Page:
Battery production. Gigantic prospects…?

On the road to carbon-neutral mobility, lithium-ion batteries for electric vehicles are currently in such high demand that supply bottlenecks at cell suppliers are possible. Even though the age of electric mobility is just starting: What preparations must the German auto industry make to safeguard production capacities worldwide? And how do the manufacturers manage to reduce the carbon footprint despite the high production complexity? In this part of our special “Battery Life Cycle”, we examine how cell and battery production at Daimler dovetail.

The European Commission estimates that electric vehicles will have a market potential of 250 billion euros in Europe by 2025.¹ They are supposed to be powerful, but also competitive and produced in a sustainable way. That is why Daimler is investing massively, over one billion euros, in the expansion of its global production network. In future, the network will comprise nine battery factories at seven locations in Europe, North America and Asia.

Battery production worldwide

The parent plant of the wholly owned subsidiary Accumotive in Kamenz plays a key role for Mercedes-Benz: As a center of competence for the global battery production network, it has been producing traction batteries for electric and electrified vehicles from Mercedes-Benz and smart and well as for light-duty commercial vehicles since 2012. In addition, the in-house battery production gives the company the possibility to satisfy one of the most important demands in the current mobility debate: reducing CO2 emissions from not only driving, but along the entire value chain.²

That is why the production at new locations such as at the battery factory in Kamenz is carbon-neutral from the start. After the second plant, likewise designed to be carbon-neutral, came online in 2018, the Mercedes-Benz subsidiary has been gradually increasing its production capacities and volumes. The annual production volume will soon exceed half a million battery systems for hybrid, plug-in hybrid and all-electric vehicles.³ If you add other manufacturers on the world map, an ever more tightly woven quilt of high-efficiency battery factories emerges.

And the cells?

When it comes to battery production, Daimler is in a good position. But why is the auto industry not getting more on board with in-house cell production? Amongst others, the meager margin plays a decisive role: the material costs alone already account for 70 percent of the total price. Numerous Asian companies have been among the bulk buyers of the raw materials suppliers for years and were able to specialize in cell production, which the automakers can draw upon with long-term cooperative ventures.⁴ That is what is crucial at the moment. Because: demand is growing and experts reckon that five years from now some two thirds of all the lithium-ion batteries produced worldwide will be needed for electric mobility. So, who are the right partners in the race for the best electric cars?

Mercedes-Benz purchases battery cells on the world market. The company works closely with different suppliers and purchased quantities worth 20 billion euros for the coming decade. In the selection of the suppliers, Mercedes-Benz focuses primarily on a long-term objective: climate neutrality. Together with the Chinese battery cell manufacturer Farasis Energy (Ganzhou) Co., Ltd.,⁵ Mercedes-Benz has launched a far-reaching strategic partnership including taking an equity stake. This move represents another important milestone towards Mercedes-Benz’s “Ambition2039” CO2-neutral goal. Key elements of the agreement include the development and industrialization of highly advanced cell technologies, accompanied by ambitious goals for cost competitiveness. The technological focus is on significant increases in range through advances in energy density and the reduction of charging times. The contract will provide a secure source of supply of battery cells for Mercedes-Benz’s electrification strategy, while Farasis gains security for its planned construction of production capacity. Farasis Energy, for example, will deliver battery cells out of CO2-neutral production. Thereby the carbon footprint of the whole battery is reduced by 30 percent in future electric models. The goal is to optimize the environmental compatibility of the battery with a sustainably designed value chain.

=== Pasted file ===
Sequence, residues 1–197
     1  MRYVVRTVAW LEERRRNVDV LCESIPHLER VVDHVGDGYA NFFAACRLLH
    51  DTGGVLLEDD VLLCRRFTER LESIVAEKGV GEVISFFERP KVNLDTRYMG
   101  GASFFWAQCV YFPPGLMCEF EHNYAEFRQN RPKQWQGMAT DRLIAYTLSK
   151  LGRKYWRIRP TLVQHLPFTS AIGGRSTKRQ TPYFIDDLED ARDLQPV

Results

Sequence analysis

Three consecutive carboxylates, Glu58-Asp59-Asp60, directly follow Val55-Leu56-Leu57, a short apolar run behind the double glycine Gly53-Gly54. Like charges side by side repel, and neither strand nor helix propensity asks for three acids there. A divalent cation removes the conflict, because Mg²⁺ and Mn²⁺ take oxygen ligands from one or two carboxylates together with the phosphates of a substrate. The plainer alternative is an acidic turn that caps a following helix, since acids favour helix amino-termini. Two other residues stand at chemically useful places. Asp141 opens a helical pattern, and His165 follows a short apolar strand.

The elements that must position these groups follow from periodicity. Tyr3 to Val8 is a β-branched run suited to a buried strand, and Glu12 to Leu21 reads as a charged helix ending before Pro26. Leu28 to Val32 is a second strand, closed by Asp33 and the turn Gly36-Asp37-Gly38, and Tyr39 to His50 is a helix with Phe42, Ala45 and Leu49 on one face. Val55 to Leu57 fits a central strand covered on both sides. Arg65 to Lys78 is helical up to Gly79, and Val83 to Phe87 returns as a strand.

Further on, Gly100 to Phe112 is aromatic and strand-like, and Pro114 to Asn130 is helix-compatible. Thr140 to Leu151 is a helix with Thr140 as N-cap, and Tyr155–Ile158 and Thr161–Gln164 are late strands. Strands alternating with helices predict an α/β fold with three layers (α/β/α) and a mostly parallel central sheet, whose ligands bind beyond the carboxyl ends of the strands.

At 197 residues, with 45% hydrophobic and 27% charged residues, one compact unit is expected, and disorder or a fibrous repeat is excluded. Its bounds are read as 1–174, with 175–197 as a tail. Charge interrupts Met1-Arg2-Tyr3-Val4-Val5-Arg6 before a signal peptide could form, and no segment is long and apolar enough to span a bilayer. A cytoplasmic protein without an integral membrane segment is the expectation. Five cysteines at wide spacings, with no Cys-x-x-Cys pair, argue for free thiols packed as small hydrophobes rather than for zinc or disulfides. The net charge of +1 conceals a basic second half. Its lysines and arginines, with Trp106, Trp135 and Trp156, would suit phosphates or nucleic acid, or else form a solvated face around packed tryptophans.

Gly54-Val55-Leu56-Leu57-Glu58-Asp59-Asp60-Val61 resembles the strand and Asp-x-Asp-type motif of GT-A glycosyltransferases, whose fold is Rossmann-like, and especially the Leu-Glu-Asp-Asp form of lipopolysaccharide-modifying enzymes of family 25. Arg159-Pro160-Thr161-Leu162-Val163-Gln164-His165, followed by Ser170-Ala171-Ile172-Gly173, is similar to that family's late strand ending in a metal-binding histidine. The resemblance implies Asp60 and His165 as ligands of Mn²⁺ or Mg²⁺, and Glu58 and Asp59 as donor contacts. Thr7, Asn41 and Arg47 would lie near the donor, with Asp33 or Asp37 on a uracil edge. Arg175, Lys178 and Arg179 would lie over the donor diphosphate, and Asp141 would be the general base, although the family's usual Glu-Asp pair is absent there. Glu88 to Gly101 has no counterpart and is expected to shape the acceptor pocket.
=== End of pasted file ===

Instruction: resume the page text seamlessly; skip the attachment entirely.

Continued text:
New gigafactories for Europe

Business with the production of battery cells is booming. Several cell factories are currently under construction, in particular in Eastern Europe, most of them owned by Asian manufacturers. Chinese company CATL intends to build a battery factory in the German city of Erfurt, which is supposed to reach five times the annual production capacity of to date's largest factory in Nevada by 2026.⁶ Tesla is currently laying the foundations of a new gigafactory in Brandenburg in Germany, which is slated to start production in 2021. Farasis intends to supply Mercedes-Benz with battery cells for the EQC from a plant in the German town of Bitterfeld-Wolfen starting in 2023.

Production of battery systems for the Mercedes-Benz EQC (EQC 400: combined power consumption: 21.3-20.2 kWh/100 km; combined CO₂ emissions: 0 g/km)** ).

While cell manufacturers are gradually expanding their capacities in Europe, Mercedes-Benz is now also active with its battery factories in the important markets directly. Knut Johannsen is responsible for global battery production planning at Mercedes-Benz and is strongly convinced of one thing: “Imagine: an EQC battery is about 2.3 meters long, 1.6 meters wide and twelve centimeters high. Only producing the batteries at a single location would involve a substantial logistical expense." (read more)

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